In the past, white liquor’s alcoholic strength varied between 90 and 130 proof. “For people who are not very used to Chinese white liquor, like Esquire’s David Wondrich, the flavor may taste too strong, if not weird,” said James Z. Li, columnist of Wine China.
In fact, many Chinese now prefer low-proof white liquor, and many factories have updated technology to produce liquor as low as 40 proof.
Li suggests foreign visitors choose low-proof liquor, which is not too strong for newcomers but still possesses the traditional flavor.
“High-proof white liquors tend to be robust and spicy, with a powerful finish and a stronger sensation of heat. Low-proof white liquors provide a mellower taste and a more controlled experience, but probably at the cost of depth and individuality,” Li said.
Traditionally, the criteria for choosing white liquor includes color, fragrance, flavor and shape. First, the liquor should be absolutely clean and transparent. Second, the fragrance ought to be lasting. Third, if the drinker can feel some subtle and lasting sweetness after swallowing the liquor, the beverage is high quality. Fourth, great liquor shouldn’t feel like just water. To some degree, it should exhibit the feeling of a solid in the drinker’s mouth.
But according to Hua Tong, a drama writer and gourmet from Shanghai, these criteria are too difficult for foreigners. He suggests five very practical methods for choosing quality white liquor:
- Turn the container (usually a bottle) upside down. There will be a drop of liquor on the bottom. The bigger the drop and the longer the drop is held, the better the liquor.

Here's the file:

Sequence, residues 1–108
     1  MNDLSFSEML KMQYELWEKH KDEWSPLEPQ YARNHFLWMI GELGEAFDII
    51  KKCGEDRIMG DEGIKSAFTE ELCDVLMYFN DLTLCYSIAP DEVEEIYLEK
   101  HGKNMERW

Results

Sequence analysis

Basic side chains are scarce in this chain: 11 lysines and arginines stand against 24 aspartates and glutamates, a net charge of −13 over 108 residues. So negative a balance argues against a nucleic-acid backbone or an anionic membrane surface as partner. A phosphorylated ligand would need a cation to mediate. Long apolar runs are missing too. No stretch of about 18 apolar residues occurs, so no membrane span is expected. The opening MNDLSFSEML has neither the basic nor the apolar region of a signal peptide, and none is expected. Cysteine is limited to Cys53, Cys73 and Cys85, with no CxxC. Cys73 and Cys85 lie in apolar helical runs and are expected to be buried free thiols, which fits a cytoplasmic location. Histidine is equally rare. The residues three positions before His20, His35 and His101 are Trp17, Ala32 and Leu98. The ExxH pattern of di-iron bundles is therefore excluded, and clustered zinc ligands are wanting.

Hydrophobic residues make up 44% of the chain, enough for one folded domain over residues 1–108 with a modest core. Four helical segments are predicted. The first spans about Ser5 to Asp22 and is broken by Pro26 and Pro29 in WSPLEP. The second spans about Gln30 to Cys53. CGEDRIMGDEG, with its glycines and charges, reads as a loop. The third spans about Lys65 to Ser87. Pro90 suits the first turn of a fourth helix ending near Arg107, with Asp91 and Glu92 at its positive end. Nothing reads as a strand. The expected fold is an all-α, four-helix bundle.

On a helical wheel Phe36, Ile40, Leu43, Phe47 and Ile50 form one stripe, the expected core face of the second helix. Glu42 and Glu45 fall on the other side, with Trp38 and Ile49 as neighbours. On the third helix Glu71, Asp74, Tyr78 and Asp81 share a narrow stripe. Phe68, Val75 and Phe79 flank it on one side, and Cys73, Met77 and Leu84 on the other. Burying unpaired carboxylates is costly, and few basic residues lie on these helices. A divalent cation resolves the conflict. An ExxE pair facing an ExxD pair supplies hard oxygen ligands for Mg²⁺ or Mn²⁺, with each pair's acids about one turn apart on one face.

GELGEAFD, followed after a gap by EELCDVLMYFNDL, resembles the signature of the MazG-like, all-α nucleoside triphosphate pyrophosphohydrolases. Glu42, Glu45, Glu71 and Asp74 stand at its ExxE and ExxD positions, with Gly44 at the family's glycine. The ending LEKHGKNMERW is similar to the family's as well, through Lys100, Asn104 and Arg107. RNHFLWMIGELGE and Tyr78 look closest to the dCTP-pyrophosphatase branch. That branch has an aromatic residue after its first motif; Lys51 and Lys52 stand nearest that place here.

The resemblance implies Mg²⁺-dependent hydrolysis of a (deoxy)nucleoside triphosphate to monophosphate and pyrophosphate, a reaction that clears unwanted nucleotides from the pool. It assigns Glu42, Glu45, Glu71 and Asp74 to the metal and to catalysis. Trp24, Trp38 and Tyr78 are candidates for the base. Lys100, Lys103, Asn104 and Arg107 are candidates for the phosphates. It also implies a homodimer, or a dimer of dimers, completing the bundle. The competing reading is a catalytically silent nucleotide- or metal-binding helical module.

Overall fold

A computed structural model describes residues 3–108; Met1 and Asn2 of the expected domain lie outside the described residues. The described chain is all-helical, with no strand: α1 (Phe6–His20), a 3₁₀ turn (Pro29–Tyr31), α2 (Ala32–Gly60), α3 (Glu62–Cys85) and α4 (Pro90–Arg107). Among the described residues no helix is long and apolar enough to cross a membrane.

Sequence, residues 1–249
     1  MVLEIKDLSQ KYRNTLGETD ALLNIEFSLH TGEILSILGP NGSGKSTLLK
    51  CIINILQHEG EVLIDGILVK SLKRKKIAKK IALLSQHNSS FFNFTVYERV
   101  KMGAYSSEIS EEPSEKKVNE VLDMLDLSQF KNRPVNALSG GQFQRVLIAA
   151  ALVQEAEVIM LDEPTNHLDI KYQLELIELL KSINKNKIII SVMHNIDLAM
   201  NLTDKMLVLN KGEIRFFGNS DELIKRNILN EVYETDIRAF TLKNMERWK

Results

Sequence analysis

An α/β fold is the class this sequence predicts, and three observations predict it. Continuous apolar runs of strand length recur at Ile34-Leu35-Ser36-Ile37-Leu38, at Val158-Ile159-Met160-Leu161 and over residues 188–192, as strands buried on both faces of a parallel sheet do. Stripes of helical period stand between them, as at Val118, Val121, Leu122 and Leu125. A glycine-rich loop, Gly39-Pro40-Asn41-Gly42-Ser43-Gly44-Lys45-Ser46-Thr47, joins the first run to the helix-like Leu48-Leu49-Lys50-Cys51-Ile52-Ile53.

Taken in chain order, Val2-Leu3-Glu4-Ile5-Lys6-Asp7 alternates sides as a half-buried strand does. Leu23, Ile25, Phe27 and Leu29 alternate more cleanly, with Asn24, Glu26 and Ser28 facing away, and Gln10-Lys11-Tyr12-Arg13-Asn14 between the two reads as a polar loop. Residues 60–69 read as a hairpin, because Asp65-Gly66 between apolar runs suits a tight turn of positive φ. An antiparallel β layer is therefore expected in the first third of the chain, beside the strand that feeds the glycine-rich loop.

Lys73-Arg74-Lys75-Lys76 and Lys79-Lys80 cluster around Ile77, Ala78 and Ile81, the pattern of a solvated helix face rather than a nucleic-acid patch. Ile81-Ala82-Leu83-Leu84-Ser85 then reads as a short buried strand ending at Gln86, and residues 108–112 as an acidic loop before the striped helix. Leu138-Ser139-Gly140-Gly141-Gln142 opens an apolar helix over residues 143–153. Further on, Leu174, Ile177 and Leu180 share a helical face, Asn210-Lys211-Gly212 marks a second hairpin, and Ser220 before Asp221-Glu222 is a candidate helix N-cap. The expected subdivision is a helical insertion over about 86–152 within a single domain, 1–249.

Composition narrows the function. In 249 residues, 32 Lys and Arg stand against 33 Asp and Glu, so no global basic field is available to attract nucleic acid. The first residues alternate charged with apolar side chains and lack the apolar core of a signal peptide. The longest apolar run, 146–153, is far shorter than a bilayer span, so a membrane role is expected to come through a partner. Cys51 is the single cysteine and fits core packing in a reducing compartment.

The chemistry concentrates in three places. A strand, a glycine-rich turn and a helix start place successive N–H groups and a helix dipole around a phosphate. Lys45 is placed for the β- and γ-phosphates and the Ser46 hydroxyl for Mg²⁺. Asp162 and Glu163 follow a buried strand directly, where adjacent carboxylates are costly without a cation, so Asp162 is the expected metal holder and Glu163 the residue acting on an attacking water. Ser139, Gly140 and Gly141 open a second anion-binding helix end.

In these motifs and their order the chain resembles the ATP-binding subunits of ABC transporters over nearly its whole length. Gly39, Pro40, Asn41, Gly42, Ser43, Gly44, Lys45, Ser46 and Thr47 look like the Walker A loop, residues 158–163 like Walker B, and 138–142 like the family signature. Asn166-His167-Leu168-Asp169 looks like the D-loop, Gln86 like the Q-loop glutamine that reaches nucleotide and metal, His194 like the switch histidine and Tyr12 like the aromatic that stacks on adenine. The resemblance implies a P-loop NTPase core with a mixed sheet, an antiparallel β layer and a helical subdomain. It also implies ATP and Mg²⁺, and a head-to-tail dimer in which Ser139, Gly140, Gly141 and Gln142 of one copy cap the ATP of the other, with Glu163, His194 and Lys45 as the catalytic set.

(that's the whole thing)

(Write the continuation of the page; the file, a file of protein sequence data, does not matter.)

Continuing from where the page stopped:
- Shake the container heavily and turn it upside down. If the bubbles are small and rise evenly and gracefully, the liquor is of high quality. If the bubbles are big and act chaotically and quickly, the liquor is probably not worth drinking.
- Drip a drop of oil on the liquor. If the oil expands irregularly, the liquor is low-quality.
- Expose a cup of liquor in the air for oxidization and wait for about 12 hours. If the liquid remains clean and transparent, it is great.
- The older the liquor , the better the flavor.
Besides the quality of white liquor itself, the style of drinking it heavily affects how the liquor tastes. The custom of cocktails before dinner doesn’t exist in China. In general, people prefer to enjoy alcohol with a good meal.
Chinese white liquor should be consumed in small cups, mainly to avoid volatilization of fragrance, and should be enjoyed with good Chinese food.
Tong advises, “Eat some food before drinking, or you will get drunk quickly. Take a little of liquor in your mouth, feel it with your tongue, and then swallow it slowly. If it’s quality liquor, you can feel the subtle flavor and scent change after you swallow it. The burning hit that comes with your first sip of the liquor will never be forgotten. ”
Responding to Wondrich’s cocktail suggestion, Tong laughed and said, “Some amateur Chinese grape wine drinkers prefer to mix wine with cola because they think that wine is too sour. They are often ridiculed by mature drinkers like me because they miss the essence of wine. So you can guess how I will respond to David Wondrich’s cocktail suggestion.”